We had three hungry mouths to feed when a grocery revolt took place decades ago. During the generic rebellion, traditional brands like Hunt's, Heinz and Kellogg were attacked and underpriced. New sections of grocery store shelves were lined with colorless labels identifying less-than-premium quality green beans, corn, chili and ketchup. It was expected to find bean stems and watered-down-ketchup inside those labels. After all, while home cooks set aside the established quality of brand name competitors, they felt good about saving money and slapping those reputable images in the face for taking customer loyalty for granted for so long.
But before long, the gig was up when it leaked out that those generic brands came from the same canning plants as established name suppliers. American generic product buyers were paying for the brand name's rejects.
That's what popped into my mind when a press release from a new political movement called "No Labels" crossed my laptop screen. The leaders of the group are former Utah Governor Jon Huntsman and Congressman Joe Manchin. Huntsman, who once identified himself as a Republican, and Manchin, who identifies himself as a Democrat, started an effort in Congress which Congressman Adam Kinzinger (IL-16) has joined.
"Kinzinger joined the No Labels congressional problem solvers, a group of 24 members of Congress -- Democrats and Republicans from both the House and Senate -- who have committed to meeting regularly to build trust across the aisle," the presser said.
“In the coming months, Republicans, Democrats and Independents alike must work together to tackle serious fiscal reforms including the sequester and the debt ceiling,” said Kinzinger. “The American people chose a divided government in Washington and they’re counting on us to work together.”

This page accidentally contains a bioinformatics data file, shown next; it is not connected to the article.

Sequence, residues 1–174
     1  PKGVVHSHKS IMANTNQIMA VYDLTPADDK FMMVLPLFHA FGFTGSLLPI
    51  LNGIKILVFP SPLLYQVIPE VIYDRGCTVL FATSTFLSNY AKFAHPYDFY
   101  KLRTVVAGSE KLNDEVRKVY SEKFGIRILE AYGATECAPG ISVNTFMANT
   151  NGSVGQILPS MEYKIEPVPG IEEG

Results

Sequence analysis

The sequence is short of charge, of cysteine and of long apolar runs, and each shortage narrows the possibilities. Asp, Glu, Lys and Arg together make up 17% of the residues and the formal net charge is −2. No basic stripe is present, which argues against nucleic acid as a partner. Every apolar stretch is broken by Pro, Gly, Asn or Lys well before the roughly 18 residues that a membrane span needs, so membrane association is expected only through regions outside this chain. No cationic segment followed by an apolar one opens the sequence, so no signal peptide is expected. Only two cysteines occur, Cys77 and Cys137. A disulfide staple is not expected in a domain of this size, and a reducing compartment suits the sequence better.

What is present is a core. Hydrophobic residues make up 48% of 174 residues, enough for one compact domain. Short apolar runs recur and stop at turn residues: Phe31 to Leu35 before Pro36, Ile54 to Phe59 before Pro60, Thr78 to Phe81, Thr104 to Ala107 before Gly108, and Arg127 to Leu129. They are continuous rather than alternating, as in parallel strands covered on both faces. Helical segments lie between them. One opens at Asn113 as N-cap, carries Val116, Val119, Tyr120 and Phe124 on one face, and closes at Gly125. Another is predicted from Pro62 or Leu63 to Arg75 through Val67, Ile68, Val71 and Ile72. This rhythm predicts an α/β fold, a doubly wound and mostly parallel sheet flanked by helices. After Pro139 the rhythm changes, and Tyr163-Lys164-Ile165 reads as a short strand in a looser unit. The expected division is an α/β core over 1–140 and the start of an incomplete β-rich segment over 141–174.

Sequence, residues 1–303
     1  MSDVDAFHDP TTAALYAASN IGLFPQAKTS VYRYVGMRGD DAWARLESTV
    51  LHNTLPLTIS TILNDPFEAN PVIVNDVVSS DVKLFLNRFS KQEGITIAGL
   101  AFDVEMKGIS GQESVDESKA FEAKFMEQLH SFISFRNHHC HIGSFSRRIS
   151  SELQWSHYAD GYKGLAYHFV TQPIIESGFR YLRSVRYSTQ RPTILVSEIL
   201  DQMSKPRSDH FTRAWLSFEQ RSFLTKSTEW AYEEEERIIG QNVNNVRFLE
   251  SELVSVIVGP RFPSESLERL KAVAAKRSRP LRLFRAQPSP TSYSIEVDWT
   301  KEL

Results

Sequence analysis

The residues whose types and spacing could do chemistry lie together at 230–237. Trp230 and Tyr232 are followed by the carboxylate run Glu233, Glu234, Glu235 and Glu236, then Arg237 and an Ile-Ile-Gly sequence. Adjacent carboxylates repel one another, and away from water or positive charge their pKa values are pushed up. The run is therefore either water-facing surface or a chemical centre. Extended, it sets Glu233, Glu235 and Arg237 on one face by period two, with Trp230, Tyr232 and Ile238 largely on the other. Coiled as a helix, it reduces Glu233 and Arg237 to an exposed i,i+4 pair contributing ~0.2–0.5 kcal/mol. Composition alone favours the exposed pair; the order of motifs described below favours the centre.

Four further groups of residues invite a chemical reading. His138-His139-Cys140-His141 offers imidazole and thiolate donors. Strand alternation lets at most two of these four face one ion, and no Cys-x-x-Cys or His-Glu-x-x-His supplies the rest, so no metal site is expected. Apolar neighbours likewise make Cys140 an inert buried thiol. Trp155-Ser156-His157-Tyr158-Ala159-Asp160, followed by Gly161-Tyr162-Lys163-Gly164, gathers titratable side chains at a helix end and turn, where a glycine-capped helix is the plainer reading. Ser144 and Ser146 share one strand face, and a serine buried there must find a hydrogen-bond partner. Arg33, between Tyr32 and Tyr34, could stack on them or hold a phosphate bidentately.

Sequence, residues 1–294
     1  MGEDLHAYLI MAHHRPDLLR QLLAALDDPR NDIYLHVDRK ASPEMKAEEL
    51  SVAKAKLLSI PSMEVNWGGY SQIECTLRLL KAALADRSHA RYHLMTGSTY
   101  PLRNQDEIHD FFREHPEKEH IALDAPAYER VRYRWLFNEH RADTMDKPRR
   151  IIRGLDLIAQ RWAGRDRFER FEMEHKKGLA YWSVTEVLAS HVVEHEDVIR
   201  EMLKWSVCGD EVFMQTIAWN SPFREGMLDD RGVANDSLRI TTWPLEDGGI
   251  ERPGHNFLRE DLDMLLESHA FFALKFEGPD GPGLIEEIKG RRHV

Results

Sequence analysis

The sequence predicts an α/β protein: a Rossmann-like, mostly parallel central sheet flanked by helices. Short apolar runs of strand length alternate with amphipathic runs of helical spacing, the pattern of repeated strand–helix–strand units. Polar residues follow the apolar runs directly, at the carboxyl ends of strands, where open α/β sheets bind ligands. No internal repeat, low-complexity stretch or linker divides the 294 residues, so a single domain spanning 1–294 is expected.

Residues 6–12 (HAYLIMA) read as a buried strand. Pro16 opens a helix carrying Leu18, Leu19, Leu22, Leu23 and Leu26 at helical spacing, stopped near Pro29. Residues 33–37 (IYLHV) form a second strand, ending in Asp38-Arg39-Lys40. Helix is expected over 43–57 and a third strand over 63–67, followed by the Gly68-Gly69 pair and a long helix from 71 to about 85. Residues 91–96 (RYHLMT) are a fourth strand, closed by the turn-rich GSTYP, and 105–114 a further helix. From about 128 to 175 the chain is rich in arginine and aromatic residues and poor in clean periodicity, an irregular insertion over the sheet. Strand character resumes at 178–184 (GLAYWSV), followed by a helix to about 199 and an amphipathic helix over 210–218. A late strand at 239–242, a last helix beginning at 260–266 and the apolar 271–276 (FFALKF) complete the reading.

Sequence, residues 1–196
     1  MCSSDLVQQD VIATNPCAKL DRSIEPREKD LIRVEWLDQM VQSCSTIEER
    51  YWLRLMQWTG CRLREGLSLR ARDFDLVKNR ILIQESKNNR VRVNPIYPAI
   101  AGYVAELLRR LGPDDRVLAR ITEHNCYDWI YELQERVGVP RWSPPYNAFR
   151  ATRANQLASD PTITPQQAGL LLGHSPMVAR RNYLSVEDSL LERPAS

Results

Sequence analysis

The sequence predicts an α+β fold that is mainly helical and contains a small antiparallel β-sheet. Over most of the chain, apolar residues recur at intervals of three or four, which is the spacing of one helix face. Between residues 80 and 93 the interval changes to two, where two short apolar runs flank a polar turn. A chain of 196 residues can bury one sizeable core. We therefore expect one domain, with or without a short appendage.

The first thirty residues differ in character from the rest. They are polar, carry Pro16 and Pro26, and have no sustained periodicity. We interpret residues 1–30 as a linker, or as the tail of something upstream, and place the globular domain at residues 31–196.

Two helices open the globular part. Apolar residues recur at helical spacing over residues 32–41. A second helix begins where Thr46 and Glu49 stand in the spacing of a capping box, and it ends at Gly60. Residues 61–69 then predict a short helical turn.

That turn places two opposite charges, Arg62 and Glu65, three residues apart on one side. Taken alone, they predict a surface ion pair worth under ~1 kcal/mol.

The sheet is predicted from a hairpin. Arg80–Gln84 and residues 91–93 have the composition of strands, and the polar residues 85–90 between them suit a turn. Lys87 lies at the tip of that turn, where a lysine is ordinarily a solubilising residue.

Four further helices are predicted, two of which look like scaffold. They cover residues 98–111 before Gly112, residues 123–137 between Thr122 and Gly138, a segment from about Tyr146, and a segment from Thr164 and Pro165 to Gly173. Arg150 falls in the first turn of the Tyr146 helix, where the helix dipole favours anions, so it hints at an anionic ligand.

How could anyone expect anything less than quality conservative ideals to be set aside for bi-partisan efforts with reject "stems" and watered-down, generic ideals? And all because Americans chose a "divided government" in November?
Maybe we're all edgy with the ILGOP civil war rumors, but I responded to Kinzinger spokesman Brook Hougeson rather curtly. "Is Congressman Kinzinger headed towards filling Bob Dold and Judy Biggert’s empty shoes in the GOP caucus?" I asked.
She wisely and calmly asked me to restate my question, so I did.
Both Dold and Biggert prized their moderation and cooperation with those across the aisle. Since they’re both gone now, "Congressman Kinzinger appears to be willing to step up and fill a similar cooperation void he sees," I said.
Then I referred to the press release's boast that Illinois Democrat Congressman Dan Lipinski had also joined the No Labels coalition.
"Democrats don’t come towards conservatism. Even Congressman Lipinski refused to vote for the Obamacare repeal twice – and on the Congressional vote spectrum he’s got as many to the Left as to the Right of him. Is this what Congressman Kinzinger is modeling his public service toward?"
And to be noted - Kinzinger's 16th congressional district is more Republican that his former 11th district was. And Lipinski's 3rd congressional district is also more Republican than last decade's 3rd was. Kinzinger should be more secure in his district and Lipinski should be less secure - if he doesn't get the Vatican ambassadorship he's pushing for these days.
Kinzinger's press person was strong in her assurance that the concerns I expressed about a generic congressman in the new 16th CD were unfounded.
"Congressman Kinzinger is a strong conservative who is fighting to rein in out of control spending; focus our efforts toward growing the private sector, where jobs are created; and pass a budget and get serious about comprehensive tax reform. However, he recognizes that the American people chose a divided government in Washington," she insisted, using that "divided government" term again.
"If we’re going to get anything done, Washington will have to work together. Throughout his first term in office, the Congressman has worked with folks on both sides of the aisle on issues ranging from our economy, to fiscal responsibility, to helping our veterans find work, to military safety. Working to find common ground solutions that will get our nation back on track is nothing new for the
So, we are to take from this that Kinzinger and the No Labels crowd are convinced that in order to fix the nation's ills our congressional leadership must be tolerant and cooperative. The way Barack Obama, Harry Reid and Nancy Pelosi see that is to simply lower the Republican standards and quality of product to something consumers will rush to grab up like they did those nondescript labeled cans on the generic store shelf during the grocery brand rebellion.
After the kids complained and refused to consume generic products, we eventually returned to those well-known brands because we knew when we opened the can what to expect. No-label generics just didn't fit the need on the dinner table.
And we expect that the No Labels coalition will come to a similar end. Congressman Kinzinger should consider himself warned.